But after 2014, deforestational rates started to climb back again. And this year, the last 12 months, have seen a spike, have seen a surge, a very troublesome serge. Very likely the last 12 months, we will see increase of 40% to 50% in deforestational rates in Brazil. Also, deforestational rates in Colombia are increasing. 

So this is a sign that we might be closer to the tipping point for the Amazon. If we deforest more than 25% of the forest in the Amazon basin, we might really ruin the Amazon forest with the move to a new system in which it becomes irreversible to maintain the forest, over 56% of the basin. 

IRA FLATOW: And now this spike in deforestation has happened under Brazil’s new president, Jair Bolsonaro. Does he understand this, that this is a danger? 

CARLOS NOBRE: I’m not sure the current president and his mostly– the ministers associated, particularly the Minister of Environment, have a full understanding of the risks that Brazil and the Amazon countries are under. Because you see the Amazon forest provides a lot of ecosystem service, for instance, recycling water vapor and increasing rainfall, keeping temperatures 2, 3 degrees cooler than without the forest. 

So these are all benefits, even for agricultural production south of the Amazon. And solely for the forest, it disappears. The life, the agricultural, the life of the people will be much worse without the forest. So I don’t think the president and his Minister of Agriculture understand the full consequences of continuing to deforest the Amazon. I think that their policies are aimed at the very short term gains in pushing the agricultural frontier, cattle, farms, and also soy plantations, into the Amazon.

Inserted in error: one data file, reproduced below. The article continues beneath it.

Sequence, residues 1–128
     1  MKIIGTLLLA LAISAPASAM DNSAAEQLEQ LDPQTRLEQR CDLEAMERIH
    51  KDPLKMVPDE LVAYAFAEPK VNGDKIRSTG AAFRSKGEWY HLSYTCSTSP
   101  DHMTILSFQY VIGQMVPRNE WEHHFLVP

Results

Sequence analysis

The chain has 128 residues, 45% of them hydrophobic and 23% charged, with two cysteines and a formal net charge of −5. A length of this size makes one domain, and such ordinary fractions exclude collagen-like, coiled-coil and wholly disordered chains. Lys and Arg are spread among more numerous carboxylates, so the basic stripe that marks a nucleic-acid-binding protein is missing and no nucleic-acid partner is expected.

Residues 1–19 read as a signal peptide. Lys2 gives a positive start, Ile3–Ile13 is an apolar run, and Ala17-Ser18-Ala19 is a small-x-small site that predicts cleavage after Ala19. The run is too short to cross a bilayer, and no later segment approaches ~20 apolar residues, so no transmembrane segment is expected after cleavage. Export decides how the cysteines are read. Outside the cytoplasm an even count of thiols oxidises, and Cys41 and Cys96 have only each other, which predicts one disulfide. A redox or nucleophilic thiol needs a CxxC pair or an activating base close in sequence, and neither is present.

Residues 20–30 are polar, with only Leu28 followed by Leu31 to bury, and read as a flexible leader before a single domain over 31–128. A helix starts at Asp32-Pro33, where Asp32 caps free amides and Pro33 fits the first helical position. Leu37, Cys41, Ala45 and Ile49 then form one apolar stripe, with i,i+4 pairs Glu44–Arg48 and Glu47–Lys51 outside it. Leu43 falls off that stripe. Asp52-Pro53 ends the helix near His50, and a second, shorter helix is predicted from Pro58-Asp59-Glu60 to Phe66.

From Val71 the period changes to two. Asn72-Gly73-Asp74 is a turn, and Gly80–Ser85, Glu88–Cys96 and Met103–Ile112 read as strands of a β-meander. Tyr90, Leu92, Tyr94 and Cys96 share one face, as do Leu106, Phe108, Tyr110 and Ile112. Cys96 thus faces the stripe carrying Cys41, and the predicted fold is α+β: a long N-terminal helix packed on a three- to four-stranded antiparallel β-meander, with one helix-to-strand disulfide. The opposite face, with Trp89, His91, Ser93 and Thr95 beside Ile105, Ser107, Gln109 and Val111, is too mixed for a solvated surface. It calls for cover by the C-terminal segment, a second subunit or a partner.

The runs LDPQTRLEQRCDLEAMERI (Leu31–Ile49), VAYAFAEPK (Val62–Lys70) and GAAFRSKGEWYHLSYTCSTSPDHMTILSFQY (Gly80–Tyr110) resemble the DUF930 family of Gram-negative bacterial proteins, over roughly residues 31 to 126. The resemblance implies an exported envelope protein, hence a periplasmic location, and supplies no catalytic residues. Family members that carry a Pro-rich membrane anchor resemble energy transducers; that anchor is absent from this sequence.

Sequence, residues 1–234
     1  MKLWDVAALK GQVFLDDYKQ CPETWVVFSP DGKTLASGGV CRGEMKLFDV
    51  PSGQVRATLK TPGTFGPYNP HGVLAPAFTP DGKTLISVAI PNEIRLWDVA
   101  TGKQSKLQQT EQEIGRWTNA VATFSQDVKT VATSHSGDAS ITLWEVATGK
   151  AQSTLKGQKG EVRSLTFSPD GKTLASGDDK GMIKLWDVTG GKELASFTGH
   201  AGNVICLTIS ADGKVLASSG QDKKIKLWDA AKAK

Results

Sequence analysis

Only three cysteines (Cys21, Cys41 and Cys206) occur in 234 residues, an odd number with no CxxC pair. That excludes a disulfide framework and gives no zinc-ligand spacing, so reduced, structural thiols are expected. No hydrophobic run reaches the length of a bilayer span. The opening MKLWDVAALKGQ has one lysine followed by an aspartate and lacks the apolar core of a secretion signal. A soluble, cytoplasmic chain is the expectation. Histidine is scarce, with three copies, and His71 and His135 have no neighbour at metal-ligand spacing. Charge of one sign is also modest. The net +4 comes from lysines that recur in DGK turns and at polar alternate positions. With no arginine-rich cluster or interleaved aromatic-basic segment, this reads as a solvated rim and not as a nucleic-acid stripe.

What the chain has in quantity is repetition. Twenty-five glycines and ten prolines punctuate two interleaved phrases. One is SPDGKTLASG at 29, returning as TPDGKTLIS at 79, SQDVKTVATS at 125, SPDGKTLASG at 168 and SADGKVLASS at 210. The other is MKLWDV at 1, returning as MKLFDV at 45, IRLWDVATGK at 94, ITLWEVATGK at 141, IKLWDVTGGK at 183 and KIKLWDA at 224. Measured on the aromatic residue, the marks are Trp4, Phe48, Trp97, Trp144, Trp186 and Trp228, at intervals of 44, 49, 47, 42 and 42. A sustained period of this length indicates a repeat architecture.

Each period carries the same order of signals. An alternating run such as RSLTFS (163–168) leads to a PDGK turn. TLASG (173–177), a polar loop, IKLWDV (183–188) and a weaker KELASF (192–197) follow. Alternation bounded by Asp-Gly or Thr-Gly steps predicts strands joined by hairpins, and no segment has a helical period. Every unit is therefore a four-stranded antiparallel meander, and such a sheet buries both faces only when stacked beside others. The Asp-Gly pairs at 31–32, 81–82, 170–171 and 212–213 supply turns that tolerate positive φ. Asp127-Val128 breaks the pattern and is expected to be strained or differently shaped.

IRA FLATOW: So is it all about the money then? 

CARLOS NOBRE: It’s about short term gains. It’s about, really, seeing opportunities to increase production of those agricultural goods. But this is very short term because without the Amazon forest, even the productivity of cattle farms or crops will be diminished up to the point that you might not have suitable agricultural crop lands or grazing lands for cattle in the near future, and lasted 20, 30 years. 

IRA FLATOW: And what about the indigenous communities and their land in the Amazon? What are his policies on their rights? 

CARLOS NOBRE: Actually even when he was a House member for 28 years– the president was a House member– for a long time, he has defended the idea that the indigenous lands are too large in extent. They should not be demarcated anymore. And also now as the president, he’s tried to convert indigenous cultures into a different culture, into, let’s say, our culture– farmers, cattle ranchers. 

But that really goes very much against the cultural inheritance of these more than 300 different indigenous communities in the Brazilian Amazon. They want to keep their culture, which is a steady force culture, which is not only good for them, for their culture, but it’s also very important for the maintenance of climate stability for the planet. If the Amazon forest disappears, we will almost impossible to reach the targets of the Paris Agreement to keep the temperature of the planet less than 2 degrees warmer. 

IRA FLATOW: Well, is there going to be a tipping point in the rainforest where that happens?